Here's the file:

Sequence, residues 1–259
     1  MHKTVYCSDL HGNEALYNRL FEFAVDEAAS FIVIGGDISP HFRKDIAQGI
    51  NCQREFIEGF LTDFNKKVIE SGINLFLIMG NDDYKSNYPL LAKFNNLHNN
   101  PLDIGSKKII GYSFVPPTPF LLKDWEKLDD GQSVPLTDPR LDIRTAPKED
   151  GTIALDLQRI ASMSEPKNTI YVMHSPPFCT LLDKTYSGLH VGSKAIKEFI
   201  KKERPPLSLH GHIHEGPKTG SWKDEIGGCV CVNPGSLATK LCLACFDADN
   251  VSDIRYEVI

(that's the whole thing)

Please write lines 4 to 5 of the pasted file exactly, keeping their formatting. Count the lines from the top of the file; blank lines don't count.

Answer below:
   101  PLDIGSKKII GYSFVPPTPF LLKDWEKLDD GQSVPLTDPR LDIRTAPKED
   151  GTIALDLQRI ASMSEPKNTI YVMHSPPFCT LLDKTYSGLH VGSKAIKEFI